As a Reading Recovery teacher, I use the Observation Survey to help select which students I will be servicing for each round of Reading Recovery. The Observation Survey is not a tool just for Reading Recovery teachers. The Observation Survey is for teachers who want to be “careful observers” of how children learn to read and write in the early years. When I taught kindergarten we used parts of the Observation Survey at the beginning, middle, and end of the year to measure growth and choose goals for future teaching. The Observation Survey can also be used with older students who are struggling with learning to read and continue to work at early text levels.
There are six components of the Observation Survey.
1. Letter Identification: Teachers can see what a child knows about the letters that make up our alphabet. Children can identify letters by the letter name, sound, or a word that starts like that letter.
2. Concepts About Print: Teachers can see what a child understands about how our written language works such as their understanding about print containing a message, where to start reading, which way to go, return sweep, letter vs. word, matching capital and lower case letters, etc.
3. Word Reading: Provides teachers with a snapshot of what words a child has learned.
4. Hearing and Recording Sounds in Words: Teacher can see how a child goes about writing and is able to look closely at writing behaviors such as, whether they are able to say words slowly, write words letter by letter, write words in sequential order, and form letters. Teachers can also see if the child has any letter reversals or confusions, how they use capital and lower case letters, whether they write left to right, top to bottom, and return to the left at the end of a line.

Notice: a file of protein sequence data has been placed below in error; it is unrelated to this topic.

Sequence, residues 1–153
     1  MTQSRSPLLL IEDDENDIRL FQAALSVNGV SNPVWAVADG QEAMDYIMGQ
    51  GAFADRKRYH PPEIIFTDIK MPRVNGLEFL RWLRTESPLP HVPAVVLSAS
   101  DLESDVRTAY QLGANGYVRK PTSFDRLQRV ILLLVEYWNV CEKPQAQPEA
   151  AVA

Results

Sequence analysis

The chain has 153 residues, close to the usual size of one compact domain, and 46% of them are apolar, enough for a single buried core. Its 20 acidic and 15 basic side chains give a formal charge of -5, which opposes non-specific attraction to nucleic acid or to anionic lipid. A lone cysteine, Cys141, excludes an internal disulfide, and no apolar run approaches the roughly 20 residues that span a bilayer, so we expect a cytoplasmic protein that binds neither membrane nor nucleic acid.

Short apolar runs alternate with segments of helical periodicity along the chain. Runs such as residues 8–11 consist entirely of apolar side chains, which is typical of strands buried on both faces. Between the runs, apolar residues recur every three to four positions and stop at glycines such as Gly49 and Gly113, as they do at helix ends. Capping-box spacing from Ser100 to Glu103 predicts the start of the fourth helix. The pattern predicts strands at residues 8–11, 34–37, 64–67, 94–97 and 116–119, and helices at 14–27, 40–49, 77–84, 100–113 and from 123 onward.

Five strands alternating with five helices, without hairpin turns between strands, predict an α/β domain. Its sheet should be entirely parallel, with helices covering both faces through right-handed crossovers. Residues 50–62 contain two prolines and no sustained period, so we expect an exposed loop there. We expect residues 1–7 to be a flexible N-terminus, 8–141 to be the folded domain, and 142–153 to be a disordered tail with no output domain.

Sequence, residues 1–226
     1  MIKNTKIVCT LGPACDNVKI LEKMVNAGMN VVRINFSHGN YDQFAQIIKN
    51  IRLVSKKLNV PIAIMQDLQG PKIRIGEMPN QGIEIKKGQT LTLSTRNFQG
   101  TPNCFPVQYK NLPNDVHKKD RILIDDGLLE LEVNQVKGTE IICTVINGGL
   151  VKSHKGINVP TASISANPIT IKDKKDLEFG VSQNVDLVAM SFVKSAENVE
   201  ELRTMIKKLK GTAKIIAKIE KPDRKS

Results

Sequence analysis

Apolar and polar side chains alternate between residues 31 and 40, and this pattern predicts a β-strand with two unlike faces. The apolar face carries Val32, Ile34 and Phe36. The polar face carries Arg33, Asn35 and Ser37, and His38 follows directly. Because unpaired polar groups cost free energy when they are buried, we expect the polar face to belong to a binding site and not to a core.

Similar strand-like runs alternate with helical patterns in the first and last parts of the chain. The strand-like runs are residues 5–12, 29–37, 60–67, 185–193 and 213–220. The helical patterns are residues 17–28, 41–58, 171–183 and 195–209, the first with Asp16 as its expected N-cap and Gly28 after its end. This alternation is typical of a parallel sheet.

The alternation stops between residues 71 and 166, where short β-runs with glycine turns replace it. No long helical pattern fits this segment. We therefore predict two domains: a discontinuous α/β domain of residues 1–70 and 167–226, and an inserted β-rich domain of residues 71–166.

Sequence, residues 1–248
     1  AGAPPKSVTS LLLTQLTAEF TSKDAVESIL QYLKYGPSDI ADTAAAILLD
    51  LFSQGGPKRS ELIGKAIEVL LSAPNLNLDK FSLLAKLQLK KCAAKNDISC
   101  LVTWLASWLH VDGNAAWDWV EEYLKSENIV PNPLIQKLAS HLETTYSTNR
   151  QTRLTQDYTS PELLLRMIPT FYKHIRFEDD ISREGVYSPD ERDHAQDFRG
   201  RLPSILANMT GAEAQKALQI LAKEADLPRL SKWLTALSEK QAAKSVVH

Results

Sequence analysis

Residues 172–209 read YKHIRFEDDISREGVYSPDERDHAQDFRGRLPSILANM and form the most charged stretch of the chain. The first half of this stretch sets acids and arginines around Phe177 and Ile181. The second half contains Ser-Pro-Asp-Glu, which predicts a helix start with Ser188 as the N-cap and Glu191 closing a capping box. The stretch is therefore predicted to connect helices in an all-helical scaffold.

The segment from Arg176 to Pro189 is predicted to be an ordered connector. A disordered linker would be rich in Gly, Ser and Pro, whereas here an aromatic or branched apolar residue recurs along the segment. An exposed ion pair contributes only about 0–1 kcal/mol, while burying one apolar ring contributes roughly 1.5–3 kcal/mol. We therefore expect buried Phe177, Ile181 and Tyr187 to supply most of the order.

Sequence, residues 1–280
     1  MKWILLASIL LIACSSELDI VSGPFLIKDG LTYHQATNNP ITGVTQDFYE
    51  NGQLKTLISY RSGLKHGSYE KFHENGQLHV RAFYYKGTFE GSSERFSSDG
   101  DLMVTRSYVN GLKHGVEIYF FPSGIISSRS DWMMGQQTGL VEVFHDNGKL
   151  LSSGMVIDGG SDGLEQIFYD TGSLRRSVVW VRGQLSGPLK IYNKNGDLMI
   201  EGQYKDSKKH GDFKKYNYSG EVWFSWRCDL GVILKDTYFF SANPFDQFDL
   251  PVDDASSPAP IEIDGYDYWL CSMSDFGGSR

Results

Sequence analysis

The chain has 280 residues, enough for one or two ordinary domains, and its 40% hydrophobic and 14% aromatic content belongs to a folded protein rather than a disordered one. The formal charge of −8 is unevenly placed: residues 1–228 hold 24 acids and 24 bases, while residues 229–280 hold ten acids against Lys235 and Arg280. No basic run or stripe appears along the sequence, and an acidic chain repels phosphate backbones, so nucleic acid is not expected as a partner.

5. Writing Vocabulary: Teachers can observe what words a child is able to write independently. This assessment also provides another opportunity to notice writing behaviors.
6. Text Reading: Running records will help teachers to make inferences about strategic actions children are using to read the text they encounter. Teachers also take note of how the child sounds when they read and the child’s understanding of the text.
The Observation Survey will allow you to compare progress throughout the school year. After completing the Observation Survey teachers will be able to see what their students’ strengths and weaknesses are. The Observation Survey is a great tool for teachers to use to inform their literacy teaching decisions.
It is important to be trained on how to administer the Observation Survey. If you have Reading Recovery teachers in your school or teachers that have been trained to administer the Observation Survey they will be a great resource for you. It is helpful to practice administering the Observation Survey. I practiced on my son and niece who were 4 and 5 at the time. Honestly, it was a lot of fun! It is also important to be consistent with the language you use when administering the Observation Survey. I created guides to help me to be as consistent as possible. If you would like copies of the guides I use click the links below.
What are your thoughts on the Observation Survey? Do you have any tips for administering the Observation Survey?